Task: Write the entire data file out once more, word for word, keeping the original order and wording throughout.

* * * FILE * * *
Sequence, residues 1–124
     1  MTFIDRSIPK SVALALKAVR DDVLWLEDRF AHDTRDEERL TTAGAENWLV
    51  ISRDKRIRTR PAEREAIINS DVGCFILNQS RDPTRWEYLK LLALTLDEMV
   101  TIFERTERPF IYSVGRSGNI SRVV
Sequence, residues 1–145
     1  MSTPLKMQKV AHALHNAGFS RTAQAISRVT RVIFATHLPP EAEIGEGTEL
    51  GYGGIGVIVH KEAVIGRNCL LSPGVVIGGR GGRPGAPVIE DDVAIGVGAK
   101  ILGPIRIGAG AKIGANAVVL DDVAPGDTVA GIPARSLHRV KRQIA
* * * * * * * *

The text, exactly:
Sequence, residues 1–124
     1  MTFIDRSIPK SVALALKAVR DDVLWLEDRF AHDTRDEERL TTAGAENWLV
    51  ISRDKRIRTR PAEREAIINS DVGCFILNQS RDPTRWEYLK LLALTLDEMV
   101  TIFERTERPF IYSVGRSGNI SRVV
Sequence, residues 1–145
     1  MSTPLKMQKV AHALHNAGFS RTAQAISRVT RVIFATHLPP EAEIGEGTEL
    51  GYGGIGVIVH KEAVIGRNCL LSPGVVIGGR GGRPGAPVIE DDVAIGVGAK
   101  ILGPIRIGAG AKIGANAVVL DDVAPGDTVA GIPARSLHRV KRQIA